Various conjectures have been made as to the nature and use of these elaborately carved articles. There is no decisive authority for describing them as paddles, though this designation is suggested by their shape. Stolpe considers that their comparative frailty and great variation in size does not admit of their being so described. He suggests tentatively that they may have been used as standards or emblems in ceremonial dances, such implements being known to other Pacific islanders. He points out objections to this hypothesis, however, and especially the existence of other objects decorated in a precisely similar manner, notably food scoops or ladles, such as that figured here (Figs. 65, 66). This, on the other hand, does not appear to be a fatal objection. There is no reason why two distinct classes of ceremonial objects, having different functions, should not be decorated in a similar way. If the symbolism which is embodied in the ornament represents attributes of a god or hero, there is no apparent reason why the same divinity should not, for instance, be celebrated both in dances and in feasts. L. Serrurier, in a criticism of Stolpe’s monograph [Internationales Archiv fur Ethnographie, iv, 1891], is “disposed to think that the paddles . . . were decorated with . . . ancestral carvings after the death of those of whom the paddle was the principal implement [since they spent so much of their time on the water], and that the artist modifying his design during the work according to his fancy, there resulted a diminution of the total bulk. This would also explain the abundance [in Museums] of these engraved objects and the rarity of those, which, being in use, are bare of all decoration.” The objection based on the variety in size Serrurier meets by supposing that the smaller of these “engraved objects” were children’s paddles. This is hardly satisfactory, for the range of sizes is too great to be accounted for in this way in regard to an implement for which practical considerations commonly dictate fairly well standardized proportions.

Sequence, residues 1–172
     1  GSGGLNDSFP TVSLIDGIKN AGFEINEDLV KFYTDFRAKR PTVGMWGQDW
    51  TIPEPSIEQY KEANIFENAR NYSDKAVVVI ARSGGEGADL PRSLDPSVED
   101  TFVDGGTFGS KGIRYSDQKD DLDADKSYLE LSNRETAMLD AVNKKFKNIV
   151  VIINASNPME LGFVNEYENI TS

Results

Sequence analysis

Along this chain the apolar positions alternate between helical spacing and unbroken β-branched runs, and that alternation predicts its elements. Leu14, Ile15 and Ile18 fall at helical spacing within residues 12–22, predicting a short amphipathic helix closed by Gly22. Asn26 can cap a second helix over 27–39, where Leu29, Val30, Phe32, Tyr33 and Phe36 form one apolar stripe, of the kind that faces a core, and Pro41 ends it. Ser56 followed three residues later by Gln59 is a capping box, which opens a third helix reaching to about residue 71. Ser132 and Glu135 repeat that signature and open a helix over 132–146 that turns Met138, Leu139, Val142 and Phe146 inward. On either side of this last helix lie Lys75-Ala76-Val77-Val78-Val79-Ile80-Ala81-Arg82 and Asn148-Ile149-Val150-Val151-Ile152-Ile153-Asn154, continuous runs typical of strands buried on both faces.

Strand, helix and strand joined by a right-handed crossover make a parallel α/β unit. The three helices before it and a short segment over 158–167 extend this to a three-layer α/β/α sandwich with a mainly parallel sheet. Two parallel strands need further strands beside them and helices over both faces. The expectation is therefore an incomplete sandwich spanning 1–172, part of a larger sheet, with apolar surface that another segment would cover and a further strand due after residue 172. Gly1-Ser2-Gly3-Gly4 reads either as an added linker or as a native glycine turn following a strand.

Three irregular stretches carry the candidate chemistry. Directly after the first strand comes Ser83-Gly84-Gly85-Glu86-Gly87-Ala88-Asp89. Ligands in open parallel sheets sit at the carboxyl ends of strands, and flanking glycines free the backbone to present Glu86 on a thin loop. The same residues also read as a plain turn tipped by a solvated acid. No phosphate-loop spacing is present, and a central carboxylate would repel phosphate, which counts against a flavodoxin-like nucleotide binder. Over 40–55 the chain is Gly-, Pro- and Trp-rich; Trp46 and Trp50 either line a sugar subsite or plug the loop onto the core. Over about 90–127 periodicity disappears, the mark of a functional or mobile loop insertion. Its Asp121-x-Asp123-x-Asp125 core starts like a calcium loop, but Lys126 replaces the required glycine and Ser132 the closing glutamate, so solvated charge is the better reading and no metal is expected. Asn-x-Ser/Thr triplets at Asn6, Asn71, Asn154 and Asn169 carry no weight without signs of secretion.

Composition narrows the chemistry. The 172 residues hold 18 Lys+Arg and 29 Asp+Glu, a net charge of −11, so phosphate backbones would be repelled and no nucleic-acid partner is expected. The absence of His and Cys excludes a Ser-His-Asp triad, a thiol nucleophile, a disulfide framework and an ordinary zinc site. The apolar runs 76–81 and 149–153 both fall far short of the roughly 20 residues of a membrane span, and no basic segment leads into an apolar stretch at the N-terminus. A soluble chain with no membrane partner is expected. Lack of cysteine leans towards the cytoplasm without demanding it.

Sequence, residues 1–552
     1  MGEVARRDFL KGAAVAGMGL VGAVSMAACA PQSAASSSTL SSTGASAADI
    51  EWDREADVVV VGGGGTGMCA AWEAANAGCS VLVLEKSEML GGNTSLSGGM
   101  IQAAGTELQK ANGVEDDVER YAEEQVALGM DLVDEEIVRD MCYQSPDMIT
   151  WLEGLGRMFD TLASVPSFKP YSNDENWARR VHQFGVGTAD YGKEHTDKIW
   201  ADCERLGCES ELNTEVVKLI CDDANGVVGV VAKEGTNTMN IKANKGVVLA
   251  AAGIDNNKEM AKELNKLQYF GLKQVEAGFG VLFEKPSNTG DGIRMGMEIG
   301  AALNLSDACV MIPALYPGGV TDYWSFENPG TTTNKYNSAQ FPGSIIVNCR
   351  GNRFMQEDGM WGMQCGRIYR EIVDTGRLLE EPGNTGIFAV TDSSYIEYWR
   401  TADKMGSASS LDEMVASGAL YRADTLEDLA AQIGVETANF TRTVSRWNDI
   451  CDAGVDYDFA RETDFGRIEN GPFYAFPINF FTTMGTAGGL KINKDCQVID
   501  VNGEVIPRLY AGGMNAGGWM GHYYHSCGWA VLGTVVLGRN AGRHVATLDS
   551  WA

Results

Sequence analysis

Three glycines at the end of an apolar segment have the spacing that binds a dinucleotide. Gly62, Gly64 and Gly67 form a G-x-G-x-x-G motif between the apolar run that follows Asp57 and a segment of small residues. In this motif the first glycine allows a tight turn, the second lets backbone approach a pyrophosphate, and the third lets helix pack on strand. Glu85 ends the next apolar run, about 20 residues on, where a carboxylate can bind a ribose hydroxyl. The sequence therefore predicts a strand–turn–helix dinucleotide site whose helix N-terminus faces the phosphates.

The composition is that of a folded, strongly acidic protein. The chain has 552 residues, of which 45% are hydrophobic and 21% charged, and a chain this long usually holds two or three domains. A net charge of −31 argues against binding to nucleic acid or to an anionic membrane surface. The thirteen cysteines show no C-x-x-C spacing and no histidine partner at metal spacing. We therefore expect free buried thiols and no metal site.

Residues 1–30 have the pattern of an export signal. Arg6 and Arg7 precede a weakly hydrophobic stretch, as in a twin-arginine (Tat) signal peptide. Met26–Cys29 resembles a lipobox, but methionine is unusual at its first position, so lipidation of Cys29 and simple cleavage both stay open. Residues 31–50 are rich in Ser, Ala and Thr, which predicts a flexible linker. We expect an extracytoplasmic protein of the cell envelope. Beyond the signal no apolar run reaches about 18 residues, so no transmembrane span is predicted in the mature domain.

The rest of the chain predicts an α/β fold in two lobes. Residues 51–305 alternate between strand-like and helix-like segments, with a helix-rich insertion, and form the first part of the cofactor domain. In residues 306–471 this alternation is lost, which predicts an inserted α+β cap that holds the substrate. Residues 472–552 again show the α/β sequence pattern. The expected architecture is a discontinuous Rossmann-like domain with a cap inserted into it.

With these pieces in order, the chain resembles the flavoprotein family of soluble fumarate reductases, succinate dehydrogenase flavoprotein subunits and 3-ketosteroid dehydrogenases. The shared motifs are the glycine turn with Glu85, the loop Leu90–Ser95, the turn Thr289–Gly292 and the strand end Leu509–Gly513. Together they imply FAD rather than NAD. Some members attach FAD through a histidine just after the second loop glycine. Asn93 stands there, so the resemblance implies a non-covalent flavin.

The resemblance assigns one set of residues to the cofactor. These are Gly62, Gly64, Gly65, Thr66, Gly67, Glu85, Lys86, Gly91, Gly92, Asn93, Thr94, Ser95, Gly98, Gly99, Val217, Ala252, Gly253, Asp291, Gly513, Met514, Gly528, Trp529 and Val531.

But they may have been intended as imitations of the paddles which were in practical use by “those of whom the paddle was the principal implement.” This is a point which seems to have been overlooked by both Stolpe and his commentator. Yet the analogy with the Hervey Islands adze handles, which, so far as the nature of the decoration common to both groups of objects is concerned, Stolpe employs to such good purpose, is surely as cogent here. These adze handles, as Stolpe points out, were most probably of the nature of memorials made to ancestors, and used, in the first place, as mounts for the stone adze blades which had been the property of ancestors so honoured. The forms which these handles assumed were fantastic and obviously not intended for any purpose of utility. A similar process of degeneration, from the utilitarian standpoint, may have transferred the paddles from the utilitarian to a commemorative, possibly also ritual, sphere. A parallel may perhaps be seen in the genealogical staves of the Maori of New Zealand. In these the head of the staff represents the figure of an ancestor, a human figure carved according to the conventions characteristic of that branch of the Polynesians, while each generation in the line of descent is represented by a prominence between two notches. While this is little more, apparently, than a mnemonic device, it is to that extent at least commemorative of ancestors to whom divine honours were accorded.